Econ 202 Week 2 Notes
Econ 202 Week 2 Notes Econ202
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This 5 page Class Notes was uploaded by Sydney Dingman on Thursday January 28, 2016. The Class Notes belongs to Econ202 at Colorado State University taught by Professor Christopher Blake in Winter 2016. Since its upload, it has received 29 views. For similar materials see Principles of Microeconomics in Economcs at Colorado State University.
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Date Created: 01/28/16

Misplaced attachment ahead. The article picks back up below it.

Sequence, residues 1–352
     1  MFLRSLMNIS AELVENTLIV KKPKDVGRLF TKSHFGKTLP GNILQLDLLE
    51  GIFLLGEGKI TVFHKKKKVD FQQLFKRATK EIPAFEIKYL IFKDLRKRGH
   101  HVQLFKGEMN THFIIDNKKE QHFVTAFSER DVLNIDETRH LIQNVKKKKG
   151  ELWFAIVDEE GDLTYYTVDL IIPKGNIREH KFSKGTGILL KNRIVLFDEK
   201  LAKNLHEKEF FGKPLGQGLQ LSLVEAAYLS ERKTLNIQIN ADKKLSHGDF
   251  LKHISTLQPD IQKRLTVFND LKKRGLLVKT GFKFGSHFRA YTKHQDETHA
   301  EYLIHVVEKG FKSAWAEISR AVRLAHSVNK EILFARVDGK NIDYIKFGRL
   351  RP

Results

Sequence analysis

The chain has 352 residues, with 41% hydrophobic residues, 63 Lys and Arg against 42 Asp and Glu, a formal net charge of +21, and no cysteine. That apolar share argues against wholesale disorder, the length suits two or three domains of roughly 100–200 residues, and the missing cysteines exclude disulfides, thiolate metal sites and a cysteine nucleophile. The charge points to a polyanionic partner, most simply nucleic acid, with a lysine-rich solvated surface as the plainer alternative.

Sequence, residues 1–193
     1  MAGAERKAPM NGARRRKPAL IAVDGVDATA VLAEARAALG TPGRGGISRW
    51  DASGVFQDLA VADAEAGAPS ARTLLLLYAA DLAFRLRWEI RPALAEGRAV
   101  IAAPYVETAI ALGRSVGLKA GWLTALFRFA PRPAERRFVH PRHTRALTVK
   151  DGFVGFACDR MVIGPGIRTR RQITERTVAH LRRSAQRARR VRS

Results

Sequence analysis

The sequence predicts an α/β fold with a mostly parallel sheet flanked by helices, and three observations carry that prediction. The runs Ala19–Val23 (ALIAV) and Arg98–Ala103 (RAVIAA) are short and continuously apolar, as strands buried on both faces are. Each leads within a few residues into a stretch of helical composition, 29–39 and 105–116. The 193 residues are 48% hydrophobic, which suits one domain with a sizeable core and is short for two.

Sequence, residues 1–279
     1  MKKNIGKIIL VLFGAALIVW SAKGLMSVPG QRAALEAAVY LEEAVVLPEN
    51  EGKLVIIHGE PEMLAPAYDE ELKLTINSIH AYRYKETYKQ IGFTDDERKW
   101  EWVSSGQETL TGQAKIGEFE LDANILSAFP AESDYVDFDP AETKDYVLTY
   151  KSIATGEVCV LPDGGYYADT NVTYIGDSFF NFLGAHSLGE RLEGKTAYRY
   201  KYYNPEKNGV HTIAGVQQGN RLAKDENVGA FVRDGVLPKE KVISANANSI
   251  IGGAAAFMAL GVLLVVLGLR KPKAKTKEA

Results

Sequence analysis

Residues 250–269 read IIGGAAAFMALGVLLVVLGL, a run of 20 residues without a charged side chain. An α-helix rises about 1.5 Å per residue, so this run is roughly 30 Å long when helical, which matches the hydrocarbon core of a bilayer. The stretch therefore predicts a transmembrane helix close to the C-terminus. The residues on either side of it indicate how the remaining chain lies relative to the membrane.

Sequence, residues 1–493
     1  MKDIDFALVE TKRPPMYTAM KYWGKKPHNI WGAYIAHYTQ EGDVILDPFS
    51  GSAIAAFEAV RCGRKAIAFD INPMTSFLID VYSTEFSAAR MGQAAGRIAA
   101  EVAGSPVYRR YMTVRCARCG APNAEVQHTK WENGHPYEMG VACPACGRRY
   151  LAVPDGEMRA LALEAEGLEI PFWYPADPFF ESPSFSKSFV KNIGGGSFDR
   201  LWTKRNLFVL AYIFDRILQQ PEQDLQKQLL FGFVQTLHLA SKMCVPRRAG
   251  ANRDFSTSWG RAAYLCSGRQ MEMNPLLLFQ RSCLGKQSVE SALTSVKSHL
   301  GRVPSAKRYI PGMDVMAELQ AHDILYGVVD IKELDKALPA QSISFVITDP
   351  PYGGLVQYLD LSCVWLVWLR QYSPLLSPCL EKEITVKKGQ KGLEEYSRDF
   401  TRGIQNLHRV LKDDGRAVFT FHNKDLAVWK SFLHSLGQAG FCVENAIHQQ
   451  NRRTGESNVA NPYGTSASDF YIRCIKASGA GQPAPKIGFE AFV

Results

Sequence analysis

Week 2 Econ202 Notes 1/26/16 Module 3 Ice crea D m A B C Beer Three economic concepts in the PPF o Efficiency o Economic Growth o Opportunity Cost Efficiency: o Efficiency: Producing the most output possible, given our inputs (resources) o On PPF at points like A & B, our production level is attainable and efficient o Inside the PPF ( C ), the production level is attainable but inefficient o Outside the PPF (D), our production level is unattainable given current resources and technology but, could become attainable in the future Economic Growth o Economic Growth is the expansion of an economy’s ability to produce goods or services o Visually, one or more intercepts on the PPF shifting o Sources of economic growth: Increase in resources (land, labor, capital, entrepreneurship Improvement in technology o EX. Technological improvement in beer manufacturing o Redraw the PPF graph with beer at 60 instead of 40 Opportunity Cost o Opportunity Cost: What we are giving up to get something else o Visually, our opportunity cost is going to be represented by the slope of the PPF The steeper the slope, the higher the opportunity cost o Because we have drawn PPF as a straight line, we assume the opportunity cost is constant We have assumed, we are always giving up one good or service in order to get another This is not realistic, because it assumes all resources are equally able to produce each good or service o Steps for calculating opportunity cost Set end points equal 30 ice cream = 40 beer Solve each side for 1 Opportunity cost of ice cream: Divide both sides by 30; o 1 ice cream = 4/3 beer o In order to produce one ice cram, we must give up 4/3 of a beer Opportunity cost of beer: divide both sides by 40 o ¾ ice cream = 1 beer o In order to produce one beer, we must give up ¾ of an ice cream More realistic example: Coconu ts Fish Increase opportunity costs 2 o For example, boxes wash up on shore with a net, a spear, baseball bat o From A to B, place net to fish and spend the rest of the day collecting coconuts o Opportunity costs increase because certain resources are better suited to produce certain goods and services than other 1/26/16, Module 4 Comparative Advantage Goal: show that two parties who can benefit from specialization and trade o Specialization: idea that we want to focus our efforts and/or resources to produce one type of good or service Conceived by Adam Smith originally, was the founder of modern economics Wealth of Nations (1776): tells a story of a pin factory, by specializing, we could see how production would increase quite a bit. (e.g. sharpening the pin, putting hole for thread, putting ball on it.) Example: Russia and Zimbabwe produce some combination of coffee and apple pie o Separate graphs for Zimbabwe and Russia with coffee on the x- axis and apple pie on the y. If Russia devotes all resources to apple pie, they can make 100 pies and 50 coffees If Zimbabwe devotes all resources to apple pie, they can make 40 pies and 40 coffees o Comparative advantage- you have a comparative advantage in something if your opportunity cost of producing it is lower than someone else’s We should specialize in production of the G/S for which we have a comparative advantage Forms the basis for gains from trade o Calculate opportunity cost for each country Russia: 100 pies=50 coffees… 1 pie=1/2 coffee, 1 coffee=2 pies 3 Gives up less coffee for each apple pie Zimbabwe: 40 pies=40 coffees… 1 pie=1 coffee, 1 coffee=1 pie Gives up less pie for each coffee o Russia has a comparative advantage in apple pie production and Zimbabwe does in coffee Show a trade where both economies consume a bundle outside their PPF If Russia devotes all resources to apple pie, they can make 100 pies and 50 coffees Therefore, Russia should only produce apple pie. The point at 100 represents the production before trade If Zimbabwe devotes all resources to apple pie, they can make 40 pies and 40 coffees Therefore, Zimbabwe should only produce coffee. The point at 40 represents the production before trade Terms of Trade: determines ratio of trade between both economies, agreement between two economies where they decide how many apple pies each coffee is worth and they trade that amount o Zimbabwe has goal of getting as many apple pies per coffee as possible, but cannot ask for more than 2 apple pies per coffee. o Zimbabwe will need at least one apple pie per coffee to make the trade beneficial o Terms of trade are mutually beneficial if it falls between the opportunity costs of the two economies Each coffee traded for between 1 and 2 apple pies EX. Terms are set at 1 coffee=1.5 apple pies o Trade 30 coffees for 45 apple pies Russia has 55 apple pies and 30 coffees after trade, this point is the consumption after trade Zimbabwe has 10 coffees and 45 apple pies after trade, this point is their consumption after trade 4 o Through this trade, both economies consume outside of their PPF, which means they are better off than they would be on their own. Absolute advantage: the idea that some economy can produce more when they specialize than other economies o Russia has absolute advantage in both G/S o Even if this is true, gains from trade can still exist. o This advantage has no bearing on gains from trade 5
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